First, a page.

Sy had originally hesitated to include Mrs. Petrov in his list of suspects. But she had a slightly opaque past in the Ukraine; she got bumped up the list when Sy discovered she was the one person with access who’d had a sick relative… and who had gotten a mystery cure during a clinical trial. Dowdy Mrs. Petrov had been their cleaning lady/landlady and at their rental office in Brighton Beach. She recently lost everything when her husband died and she said wanted to emigrate to get fresh start.
Sy wanted to keep an eye on her, so he included her in his group.
Surely he did not need to keep an eye on his weak-eyed, mild mannered, intellectual friend Aubrey. Dr. Aubrey Dirkovic, biologist, was over-the-moon happy at the prospect of writing papers on a whole new ecosystem on a new planet. Wispy of hair and thoroughly professional, Sy had known Aubrey since they’d been roommates at MIT and they’d done post-doc work with Don Lawrence. But Aubrey was blacklisted, too, and needed the work.
And to be a Judas, you had to be trusted.
The same went for quirky, brilliant, aspie Don Lawrence…what possible motive could he have? He trusted Don because material things meant less than nothing to the man. He was so wealthy from his numerous bio-patents that he could do anything he wanted: money was no object for Don, not that you could tell from his slovenly appearance or vacant glance, for he viewed money as an inconvenience. It was just a way to support himself while he worked.
Don had no real family that Sy’d been able to discover; certainly, no romantic entanglements. He lived for his work. He’d chipped in substantially on the colonization costs, saying he wanted a fresh challenge in, as he put it, “a less densely populated place.”
Who had betrayed them? Jor? Gasparelli? Marie? Mrs. Petrov? Aubrey? Don? Wilson? He meant to find out. Someone on his research team had sold them out to the government, probably working on the side for the thieving company that now owned their bio patents.
Which of them was the thief that had stolen his reputation and his professional life? Which of them had caused him to go to jail on trumped up charges, killing his parents with grief?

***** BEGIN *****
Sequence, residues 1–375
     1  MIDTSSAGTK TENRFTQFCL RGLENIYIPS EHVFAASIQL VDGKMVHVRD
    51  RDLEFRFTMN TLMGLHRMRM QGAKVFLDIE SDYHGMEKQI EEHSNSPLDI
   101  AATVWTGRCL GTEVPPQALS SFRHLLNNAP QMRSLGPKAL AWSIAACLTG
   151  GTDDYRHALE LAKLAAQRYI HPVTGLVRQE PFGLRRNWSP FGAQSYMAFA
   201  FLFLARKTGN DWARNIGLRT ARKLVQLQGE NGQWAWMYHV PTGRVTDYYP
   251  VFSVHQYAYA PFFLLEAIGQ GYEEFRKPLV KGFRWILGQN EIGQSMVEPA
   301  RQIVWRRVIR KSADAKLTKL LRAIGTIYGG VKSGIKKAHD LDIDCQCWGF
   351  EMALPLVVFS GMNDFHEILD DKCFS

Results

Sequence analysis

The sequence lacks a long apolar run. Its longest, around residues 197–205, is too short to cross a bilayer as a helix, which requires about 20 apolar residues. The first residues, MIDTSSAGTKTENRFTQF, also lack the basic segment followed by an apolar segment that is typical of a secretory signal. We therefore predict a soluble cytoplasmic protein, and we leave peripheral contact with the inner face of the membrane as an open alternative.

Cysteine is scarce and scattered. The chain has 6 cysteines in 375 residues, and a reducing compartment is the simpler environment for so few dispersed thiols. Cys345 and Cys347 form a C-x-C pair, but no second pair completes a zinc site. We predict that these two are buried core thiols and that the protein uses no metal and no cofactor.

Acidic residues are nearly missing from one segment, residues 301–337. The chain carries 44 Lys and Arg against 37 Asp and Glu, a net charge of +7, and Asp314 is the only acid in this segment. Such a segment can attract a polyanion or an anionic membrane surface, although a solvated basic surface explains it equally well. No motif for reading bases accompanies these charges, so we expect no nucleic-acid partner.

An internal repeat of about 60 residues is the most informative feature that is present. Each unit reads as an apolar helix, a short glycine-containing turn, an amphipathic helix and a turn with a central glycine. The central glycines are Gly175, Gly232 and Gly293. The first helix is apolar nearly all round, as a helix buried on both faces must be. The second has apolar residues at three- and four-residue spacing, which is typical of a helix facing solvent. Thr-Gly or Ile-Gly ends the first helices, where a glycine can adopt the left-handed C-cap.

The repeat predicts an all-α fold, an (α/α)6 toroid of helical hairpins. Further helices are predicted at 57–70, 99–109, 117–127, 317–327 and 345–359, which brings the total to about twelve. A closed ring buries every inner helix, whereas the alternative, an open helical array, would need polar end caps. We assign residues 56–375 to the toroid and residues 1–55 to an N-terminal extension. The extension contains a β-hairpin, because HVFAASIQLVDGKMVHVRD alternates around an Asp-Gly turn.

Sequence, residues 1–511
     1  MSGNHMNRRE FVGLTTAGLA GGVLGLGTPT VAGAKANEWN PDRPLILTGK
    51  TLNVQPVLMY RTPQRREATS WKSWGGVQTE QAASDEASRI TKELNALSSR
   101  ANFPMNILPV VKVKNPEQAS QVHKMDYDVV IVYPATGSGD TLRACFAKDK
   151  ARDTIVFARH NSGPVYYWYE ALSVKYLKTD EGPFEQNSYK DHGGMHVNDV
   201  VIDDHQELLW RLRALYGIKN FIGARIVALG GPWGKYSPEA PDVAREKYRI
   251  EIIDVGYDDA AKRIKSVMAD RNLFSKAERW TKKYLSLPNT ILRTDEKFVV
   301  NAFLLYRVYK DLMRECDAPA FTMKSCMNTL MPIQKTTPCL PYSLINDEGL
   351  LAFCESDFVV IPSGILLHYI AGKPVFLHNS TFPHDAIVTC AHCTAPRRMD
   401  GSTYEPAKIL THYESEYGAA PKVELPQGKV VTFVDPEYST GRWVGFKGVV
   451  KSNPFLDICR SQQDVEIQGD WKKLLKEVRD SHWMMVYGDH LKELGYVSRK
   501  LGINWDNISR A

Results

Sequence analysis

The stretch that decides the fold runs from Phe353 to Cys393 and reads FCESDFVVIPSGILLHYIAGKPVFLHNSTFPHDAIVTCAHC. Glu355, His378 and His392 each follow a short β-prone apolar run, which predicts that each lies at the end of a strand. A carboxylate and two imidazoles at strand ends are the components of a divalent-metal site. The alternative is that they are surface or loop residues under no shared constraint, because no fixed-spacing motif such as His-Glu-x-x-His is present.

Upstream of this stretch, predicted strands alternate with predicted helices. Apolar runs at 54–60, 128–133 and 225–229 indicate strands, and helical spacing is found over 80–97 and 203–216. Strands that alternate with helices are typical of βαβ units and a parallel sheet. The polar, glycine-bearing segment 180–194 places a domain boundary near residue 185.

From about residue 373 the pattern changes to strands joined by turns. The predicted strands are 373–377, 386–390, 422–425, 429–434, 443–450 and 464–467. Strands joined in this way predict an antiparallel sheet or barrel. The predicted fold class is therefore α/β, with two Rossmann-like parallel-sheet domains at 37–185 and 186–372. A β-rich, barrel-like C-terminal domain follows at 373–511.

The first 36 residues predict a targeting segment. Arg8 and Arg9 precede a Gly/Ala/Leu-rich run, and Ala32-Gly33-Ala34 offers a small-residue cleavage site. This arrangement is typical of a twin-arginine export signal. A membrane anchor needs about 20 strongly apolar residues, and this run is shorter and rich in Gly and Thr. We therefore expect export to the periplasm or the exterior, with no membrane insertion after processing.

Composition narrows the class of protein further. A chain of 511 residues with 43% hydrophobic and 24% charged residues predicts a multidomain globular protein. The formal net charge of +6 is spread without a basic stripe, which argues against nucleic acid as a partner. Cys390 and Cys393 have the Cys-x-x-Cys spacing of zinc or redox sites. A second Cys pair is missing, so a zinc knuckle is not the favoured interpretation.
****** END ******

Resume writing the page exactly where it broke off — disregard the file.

He’d find out. He’d clear his name. And Sy would make that person pay.
Sy sat down next to Don Lawrence on one of the line of bright green plastic molded chairs that were secured against the stunning window, turning his back on the panorama. “Well, we’re nearly on our way, Don. Any last thoughts?”
Don swiveled to face him. “Eh?”
Oh, right, Don was usually in his own little theoretical world. You always had to get Don’s attention before speaking to him. “I said, we’re nearly on our way. Any final thoughts? Regrets?”
Don snorted. “Like, did I remember to pack my toothbrush?” Don shrugged. “Probably.” Then he leaned back in his chair, against the window, his expression serious. “So our blackballed biotech team is really going to set up shop off-planet. What a time to be alive.”
Sy grimaced. “It’s not like we have a choice. You saw the piles of rejection letters and cancellations of symposium opportunities-with their prestige and honorariums-that I had our teammates bring to the first meeting about this venture, right?”
Don waved that aside, as irrelevant. “We weren’t finished. There’s something about our project that bothered me. We gonna try to recreate it and finish on our own?”
“We’re going to have to, if we want to clear our names.” Sy replied.